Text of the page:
The current economic crisis has meant cuts in services everywhere, especially in the social services sector in all countries. As dismal as this sounds, there are still many philanthropic foundations giving money away to worthy causes. In the 1990s, orphanages -- more popularly termed "group homes"-- began to reemerge as a more viable option than foster care for parent-less children. The more funding that dwindles from government coffers the more important private funding becomes. Grant writing isn't difficult but it does require good writing skills and a good amount of tenacity.
Decide what kind of orphanage or group home facility you want to build. Will it serve children with specific circumstances (such as terminally ill children or international children)? Where do you want to build it? There may be more money available to build orphanages in foreign countries than in the U.S. Granting agencies are usually very specific about their activities, so have a well-defined vision of your project.
Research foundations that fund the kind of project you want to create, and research the kinds of projects that receive funding. Familiarize yourself with the the largest charitable foundations and review their giving history. Include smaller foundations. A well thought out project is advantageous to grant making institutions because they want to be associated with successful projects, not ill-conceived ones they think are doomed to fail.
Take a grant writing course. There are many online grant writing courses -- some free. Some colleges offer certificate programs in grant writing. You will be able to get personal attention to your project and greater assurance of success for funding your project. Grant writing can be a daunting task and it serves you well to have as much support as you can.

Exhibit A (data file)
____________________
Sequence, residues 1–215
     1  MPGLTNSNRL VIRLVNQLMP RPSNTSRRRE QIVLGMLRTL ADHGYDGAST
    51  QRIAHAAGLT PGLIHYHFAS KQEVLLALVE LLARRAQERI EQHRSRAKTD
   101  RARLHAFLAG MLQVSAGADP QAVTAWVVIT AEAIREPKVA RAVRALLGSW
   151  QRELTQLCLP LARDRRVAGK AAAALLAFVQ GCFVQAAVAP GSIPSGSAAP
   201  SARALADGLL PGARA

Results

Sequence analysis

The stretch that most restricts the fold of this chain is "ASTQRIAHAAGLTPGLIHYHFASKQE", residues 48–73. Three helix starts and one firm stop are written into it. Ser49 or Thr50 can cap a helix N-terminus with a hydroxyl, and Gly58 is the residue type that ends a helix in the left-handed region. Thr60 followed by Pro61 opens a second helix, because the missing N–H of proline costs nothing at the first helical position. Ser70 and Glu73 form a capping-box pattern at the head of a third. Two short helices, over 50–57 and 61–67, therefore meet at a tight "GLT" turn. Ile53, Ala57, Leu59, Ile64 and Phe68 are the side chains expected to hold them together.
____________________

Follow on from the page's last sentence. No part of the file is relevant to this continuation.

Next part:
Create a written plan, similar to a business plan. The more money you are requesting the more complex the grant writing process will be. This written plan will be the blueprint for your project. Funding agencies like to fund projects that can be successfully replicated. You will need a detailed narrative, budget, time line and other items depending on the agency.
Download grant applications from the internet or call to request them. In some cases, you may have to send a letter of inquiry. Some agencies accept applications only by invitation. Your project should be well developed conceptually before you begin the actual grant writing process.
Write the grant proposals once you are clear about the foundations that fund the type of project you have in mind. Always write proposals to more than one agency in case you are turned down. This is where your tenacity pays off.
Dina Gilio-Whitaker began writing professionally as a freelance journalist in 2001 when she focused on community activism. She has a bachelor's degree in Native American studies with a political science minor and is currently a graduate student in American studies at the University of New Mexico. Gilio-Whitaker has won numerous awards for her academic writing and is an accomplished Native American artist, crafter and dancer.